First, the tines damage the waxy outer surface of the hay more (the conditioner part of the mower/conditioner starts this process), which helps the hay dry. 

Second, the throwing action also does some flipping, so the parts of the hay that were underneath before the tedding are on top after the tedding.  This also helps dry the hay.

Making sure the hay is completely dry before the baling process is very important.  Once hay is baled, it can be stored for years (although it does lose some nutritional value after a while).  If hay is baled when it is wet, it can grow some pretty nasty mold that can cause diseases in the animals eating it, and in the people handling it.

A less obvious reason that hay needs to be dry is heat production.  Wherever the hay is stored, it is exposed to lots of heat – whether this is in a barn all summer long, or sitting out in the sun in a pasture somewhere.  If the hay is baled wet, the outer surface of the hay will dry out, no big deal.  The inner parts of the hay bale, on the other hand, are a different story.

Wet hay heats up.  Period.  As the hay is exposed to ambient heat, it gets even hotter.  Believe it or not, it can get hot enough to spontaneously combust, and can cause some pretty nasty fires.  (Ever been in a barn that’s full of hay and straw?  Yep, huge fire hazard.)

Right.  So dry your hay.  Please.

tedding hayfield 5

We tedded the morning after cutting, the following morning, and again that afternoon for a total of three teds before the hay was dry enough to bale.  The length of time it takes for the hay to dry depends on the weather (Rain while hay is down is a farmer’s worst nightmare.  Well, one of them anyway.), the thickness of the hay (how thick the grass is before it gets cut), and the type of hay.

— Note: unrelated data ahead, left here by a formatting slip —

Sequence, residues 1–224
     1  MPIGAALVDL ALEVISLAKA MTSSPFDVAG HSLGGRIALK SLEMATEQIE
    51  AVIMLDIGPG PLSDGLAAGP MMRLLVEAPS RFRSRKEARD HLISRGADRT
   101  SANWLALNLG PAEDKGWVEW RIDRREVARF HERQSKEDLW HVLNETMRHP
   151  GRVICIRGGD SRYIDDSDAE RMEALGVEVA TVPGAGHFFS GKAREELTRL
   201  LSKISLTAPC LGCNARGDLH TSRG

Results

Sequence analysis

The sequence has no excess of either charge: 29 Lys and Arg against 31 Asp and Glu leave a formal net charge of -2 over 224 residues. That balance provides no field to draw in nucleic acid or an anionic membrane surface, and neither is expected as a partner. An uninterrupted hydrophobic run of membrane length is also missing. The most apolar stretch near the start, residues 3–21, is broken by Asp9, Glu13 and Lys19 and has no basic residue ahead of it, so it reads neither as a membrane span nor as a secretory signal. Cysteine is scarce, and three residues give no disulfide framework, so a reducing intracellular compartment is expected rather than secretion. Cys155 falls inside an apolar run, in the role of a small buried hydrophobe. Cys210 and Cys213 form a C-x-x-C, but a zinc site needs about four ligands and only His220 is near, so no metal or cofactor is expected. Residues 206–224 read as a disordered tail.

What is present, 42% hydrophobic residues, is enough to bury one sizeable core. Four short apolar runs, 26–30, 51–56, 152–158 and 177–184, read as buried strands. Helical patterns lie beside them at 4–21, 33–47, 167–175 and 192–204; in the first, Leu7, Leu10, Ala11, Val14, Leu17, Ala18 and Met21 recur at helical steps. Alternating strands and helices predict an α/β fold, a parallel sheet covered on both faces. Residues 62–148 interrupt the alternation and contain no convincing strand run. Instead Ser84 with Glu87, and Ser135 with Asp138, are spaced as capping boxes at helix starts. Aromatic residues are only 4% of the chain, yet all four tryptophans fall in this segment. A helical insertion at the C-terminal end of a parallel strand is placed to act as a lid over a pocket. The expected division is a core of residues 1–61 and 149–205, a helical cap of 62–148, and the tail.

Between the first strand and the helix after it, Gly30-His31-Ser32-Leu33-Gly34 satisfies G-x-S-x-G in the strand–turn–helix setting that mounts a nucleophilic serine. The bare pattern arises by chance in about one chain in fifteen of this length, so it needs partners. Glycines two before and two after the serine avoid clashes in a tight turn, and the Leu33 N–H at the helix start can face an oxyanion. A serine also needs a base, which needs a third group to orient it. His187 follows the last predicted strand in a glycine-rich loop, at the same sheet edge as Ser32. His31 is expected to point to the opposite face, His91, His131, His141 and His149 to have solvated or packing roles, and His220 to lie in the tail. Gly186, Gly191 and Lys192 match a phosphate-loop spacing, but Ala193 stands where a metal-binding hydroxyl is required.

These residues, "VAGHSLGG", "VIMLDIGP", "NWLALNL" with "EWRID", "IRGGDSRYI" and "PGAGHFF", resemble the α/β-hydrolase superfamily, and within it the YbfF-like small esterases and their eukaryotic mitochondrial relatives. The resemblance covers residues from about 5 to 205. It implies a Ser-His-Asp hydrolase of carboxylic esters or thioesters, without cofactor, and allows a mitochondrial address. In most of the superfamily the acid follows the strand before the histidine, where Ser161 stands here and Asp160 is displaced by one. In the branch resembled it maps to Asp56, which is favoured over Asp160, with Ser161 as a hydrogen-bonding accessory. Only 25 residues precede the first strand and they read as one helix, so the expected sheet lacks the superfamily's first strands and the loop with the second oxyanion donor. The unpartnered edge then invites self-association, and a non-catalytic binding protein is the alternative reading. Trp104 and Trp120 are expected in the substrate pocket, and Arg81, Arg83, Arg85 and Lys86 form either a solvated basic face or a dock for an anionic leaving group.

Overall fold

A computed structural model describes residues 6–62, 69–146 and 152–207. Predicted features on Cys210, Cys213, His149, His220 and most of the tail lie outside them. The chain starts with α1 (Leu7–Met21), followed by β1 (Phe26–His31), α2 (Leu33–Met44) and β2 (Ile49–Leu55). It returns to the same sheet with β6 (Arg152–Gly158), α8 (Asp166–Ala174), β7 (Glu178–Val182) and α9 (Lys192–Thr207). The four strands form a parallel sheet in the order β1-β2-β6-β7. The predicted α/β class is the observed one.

We farm primarily grass hay, which dries relatively quickly.  There’s a few different types of hay – perhaps that will be another post of its own.

For us, we cut on a Tuesday, tedded on Wednesday morning, tedded again on Thursday morning and afternoon, and were able to rake and bale Thursday late afternoon.

Here’s our lower field, all tedded up.
tedded hayfield

Next week – raking!  (Way easier than the raking your leaves in the fall.)

Step 1 - Mower/conditioner
Step 2 - Tedder
Step 3 - Rake
Step 4 - Baler
Step 5 - Bale Spear

Thursday, July 22, 2010

Pedal Tractors

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It is fair time in this part of Indiana, and boy are we in it!  Our fair started on July 4th, and was hot, and wonderful.  The surrounding counties are also in full swing.

Around here, fairs mean 4H, food, and fun (more for some of us than others).  Hubby is on our county fair board, which means that he spends an extraordinary amount of time at the county fair (translation – more hours than it is open).  And we eat most (for him, all) of our meals at the fair during the week.

But there is a new addition to the Southwestern Indiana County Fairs this year – the Adult Pedal Tractor Pull!

Most likely you have seen (or at least heard of) tractor pulls.  It’s where a guy on a big loud tractor (or truck) is attached to a big sled that generates more and more friction with more distance traveled.  So the farther you go, the harder it is to pull.  And the guy who pulls the farthest, wins!

Our county fair has had a children’s pedal tractor pull for years.  There’s a mini pedal tractor (remember Big Wheels?  It’s that, but it’s a tractor) attached to a mini sled.  And the kid who pulls (pedals) the farthest wins. 

This year, the Southwestern Indiana Young Farmers Group managed to get their hands on an adult-sized pedal tractor with a sled.  (We’re borrowing it right now, but are hatching a plan to build our own.) 

The Gibson County and Posey County Fairs have both featured a new event – the Adult Pedal Tractor Pull!

John pulled in both the GC and the PC events.

John pedal 1John pedal 2He didn’t win, but he was a serious contender in the Gibson County event!

I did not pull in the Gibson County pull, but I sure did in the Posey County pull!

   Marybeth pedal 1 Marybeth pedal 2

Don’t make fun of the unflattering pictures – those things are heavy!

And, hey, I won my event!  We had a $2.00 charge to play; 50% payout to the winner, and the rest was donated to Farmers Feed Us.  All of 6 women competed, but $6 bought me dinner at the fair that night!